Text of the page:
I’d had the idea of doing a Colorado puzzle for quite a while, intending to identify the grid with the rectangular shape of the state, and to use ‘COLOR ADO’ as a highlighting instruction. The problem was that I couldn’t find a famous person or other source of thematic material which related to Colorado, so I put the idea aside for a while. It was only much later that it occurred to me that I had neglected Wyoming, and that I could still make use of Colorado as a neighbouring state. When I discovered Pollock was from Wyoming ideas fell in place very quickly. First, being famous for his drip paintings, I (perhaps naively) thought that I could depict pretty much any streaky random set of colours and represent this as a Pollock (more on this later). Secondly, I soon saw the possibilities of CODY as (a) the basis for a seminal clue (COD=POLLOCK) and (b) the way to indicate the interpretation of the grid as a state. Later I noticed that I could force the solver to show they understood this by having CODA as another entry. This would require, of course, that (across) clues could not be numbered or in clue order, and this put paid to an earlier idea in which I would relate Jackson Pollock’s numeric designations for his paintings to clue numbers (for example Summertime is designated as 9A) .
As a matter of course, I checked ODQ and found the quotation which would allow me to confirm the theme by applying the quotation to some paintings (I understand that this quotation is unfortunately not in some earlier editions). I still wanted some additional way of specifying the Wyoming interpretation of the grid. I couldn’t do this by a misprint message, as these were going to be for instruction and the painting names; after a fair amount of playing around with different ideas, the sequence of paintings culminating in [W]INTERPHONE[Y] emerged as the winning idea.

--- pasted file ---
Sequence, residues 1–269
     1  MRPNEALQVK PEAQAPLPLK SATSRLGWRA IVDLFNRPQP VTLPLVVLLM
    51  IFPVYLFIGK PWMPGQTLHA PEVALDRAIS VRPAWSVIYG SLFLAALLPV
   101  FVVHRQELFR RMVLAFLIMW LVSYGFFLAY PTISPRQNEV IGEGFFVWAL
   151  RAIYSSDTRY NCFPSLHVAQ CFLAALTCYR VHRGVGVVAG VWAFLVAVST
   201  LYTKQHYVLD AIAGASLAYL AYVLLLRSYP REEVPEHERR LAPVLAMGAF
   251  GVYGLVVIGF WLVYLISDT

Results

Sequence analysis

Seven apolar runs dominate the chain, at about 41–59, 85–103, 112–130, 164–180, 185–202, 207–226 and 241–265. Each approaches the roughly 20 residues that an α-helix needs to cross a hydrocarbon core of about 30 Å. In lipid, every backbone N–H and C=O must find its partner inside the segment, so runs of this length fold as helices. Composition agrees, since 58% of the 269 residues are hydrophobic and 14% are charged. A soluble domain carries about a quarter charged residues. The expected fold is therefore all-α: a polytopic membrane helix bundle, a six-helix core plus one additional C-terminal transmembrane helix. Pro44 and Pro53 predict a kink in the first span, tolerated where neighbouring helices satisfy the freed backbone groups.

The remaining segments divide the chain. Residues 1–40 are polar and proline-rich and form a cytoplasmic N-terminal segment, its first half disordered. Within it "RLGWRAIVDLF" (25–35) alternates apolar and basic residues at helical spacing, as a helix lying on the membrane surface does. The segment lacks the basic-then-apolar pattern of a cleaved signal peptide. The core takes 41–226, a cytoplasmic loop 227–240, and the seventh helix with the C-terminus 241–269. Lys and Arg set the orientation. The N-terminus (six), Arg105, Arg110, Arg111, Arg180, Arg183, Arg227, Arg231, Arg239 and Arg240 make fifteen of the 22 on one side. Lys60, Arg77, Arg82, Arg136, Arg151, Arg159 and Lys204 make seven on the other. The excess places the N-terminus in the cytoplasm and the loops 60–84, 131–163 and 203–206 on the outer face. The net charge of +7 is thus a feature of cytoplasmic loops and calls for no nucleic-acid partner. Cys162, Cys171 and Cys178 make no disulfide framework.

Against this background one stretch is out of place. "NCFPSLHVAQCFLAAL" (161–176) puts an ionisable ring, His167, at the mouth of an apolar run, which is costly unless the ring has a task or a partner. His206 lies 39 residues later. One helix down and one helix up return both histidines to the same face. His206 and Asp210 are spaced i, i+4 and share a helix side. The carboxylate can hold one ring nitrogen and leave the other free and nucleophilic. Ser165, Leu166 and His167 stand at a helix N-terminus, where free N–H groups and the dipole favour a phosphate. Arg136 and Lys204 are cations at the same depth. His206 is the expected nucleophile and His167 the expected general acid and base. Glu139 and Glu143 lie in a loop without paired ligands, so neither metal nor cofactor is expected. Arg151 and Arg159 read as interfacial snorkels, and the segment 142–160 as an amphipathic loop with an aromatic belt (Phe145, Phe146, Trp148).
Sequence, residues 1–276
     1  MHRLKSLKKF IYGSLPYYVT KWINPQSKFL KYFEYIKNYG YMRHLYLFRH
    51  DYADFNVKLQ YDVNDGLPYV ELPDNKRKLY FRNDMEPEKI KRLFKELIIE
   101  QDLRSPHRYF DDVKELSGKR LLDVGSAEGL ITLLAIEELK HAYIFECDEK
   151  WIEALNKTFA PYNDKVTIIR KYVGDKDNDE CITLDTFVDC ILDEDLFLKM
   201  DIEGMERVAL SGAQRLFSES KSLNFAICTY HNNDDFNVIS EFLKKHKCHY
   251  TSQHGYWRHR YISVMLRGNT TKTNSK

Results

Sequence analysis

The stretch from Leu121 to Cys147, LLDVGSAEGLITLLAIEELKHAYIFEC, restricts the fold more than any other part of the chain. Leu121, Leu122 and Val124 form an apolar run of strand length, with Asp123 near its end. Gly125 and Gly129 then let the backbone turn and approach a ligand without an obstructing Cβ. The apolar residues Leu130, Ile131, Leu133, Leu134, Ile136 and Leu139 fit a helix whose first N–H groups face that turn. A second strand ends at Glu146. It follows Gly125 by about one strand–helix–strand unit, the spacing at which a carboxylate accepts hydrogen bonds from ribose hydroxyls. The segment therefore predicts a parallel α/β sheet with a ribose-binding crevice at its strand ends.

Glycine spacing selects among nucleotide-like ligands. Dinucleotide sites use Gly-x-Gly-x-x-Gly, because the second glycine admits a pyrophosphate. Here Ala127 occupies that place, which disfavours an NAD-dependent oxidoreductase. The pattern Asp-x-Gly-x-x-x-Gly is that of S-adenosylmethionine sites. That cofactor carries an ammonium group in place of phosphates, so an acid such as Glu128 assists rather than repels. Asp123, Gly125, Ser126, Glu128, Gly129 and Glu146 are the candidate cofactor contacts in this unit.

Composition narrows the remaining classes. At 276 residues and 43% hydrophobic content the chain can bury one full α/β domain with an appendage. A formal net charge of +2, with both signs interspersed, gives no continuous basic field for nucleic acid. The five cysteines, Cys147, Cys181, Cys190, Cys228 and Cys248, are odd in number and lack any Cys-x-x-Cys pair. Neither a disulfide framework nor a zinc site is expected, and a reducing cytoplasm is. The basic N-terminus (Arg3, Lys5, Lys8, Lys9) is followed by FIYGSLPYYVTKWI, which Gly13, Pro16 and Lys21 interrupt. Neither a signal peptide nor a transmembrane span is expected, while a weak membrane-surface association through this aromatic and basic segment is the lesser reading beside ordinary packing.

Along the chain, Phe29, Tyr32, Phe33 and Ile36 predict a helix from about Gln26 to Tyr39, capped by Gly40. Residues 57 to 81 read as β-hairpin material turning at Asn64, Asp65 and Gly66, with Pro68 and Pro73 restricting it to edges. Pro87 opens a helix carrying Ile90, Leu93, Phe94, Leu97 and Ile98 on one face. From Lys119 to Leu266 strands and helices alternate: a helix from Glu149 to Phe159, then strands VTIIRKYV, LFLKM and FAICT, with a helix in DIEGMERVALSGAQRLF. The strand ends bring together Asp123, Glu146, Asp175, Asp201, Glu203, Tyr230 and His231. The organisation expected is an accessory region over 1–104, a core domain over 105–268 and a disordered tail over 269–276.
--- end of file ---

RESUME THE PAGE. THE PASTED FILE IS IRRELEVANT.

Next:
When I set about creating the grid, I wanted it to be as accurate as possible geographically, and I based the 11×15 grid on the true aspect ratio of Wyoming. I then placed Cody as accurately as possible within the grid. (Rather gratifyingly, I notice that a poster on the AnswerBank message board did check out the cartographic accuracy). I had a bit of flexibility for the length of the painting instruction and consequently the number of down clues. The number of across clues was fixed by the painting names. I wanted to get as many ADO’s in as possible in a reasonably streaky sort of way, but still have a pleasing grid with good unching. In general, when I am constructing a grid, the ideal is to have a Radixean unching model in which the number of unchecked letters is a non-decreasing function of the length of the entry; this has to be balanced with having good words (not too many inflections), no excessively long connected set of bars, and reasonable average entry length. Usually it is not possible to do this with the other thematic constraints (in this case CODY, CODA, INTERPHONE, a fixed number of across entries, and a healthy smattering of A’s D’s, and O’s) , and something has to give. But on this occasion, and after a lot of playing around in the excellent Sympathy package, I came up with a final Radixean grid with a pleasing 7:8 ratio of foreground to backward cells, and with the correct number of clues.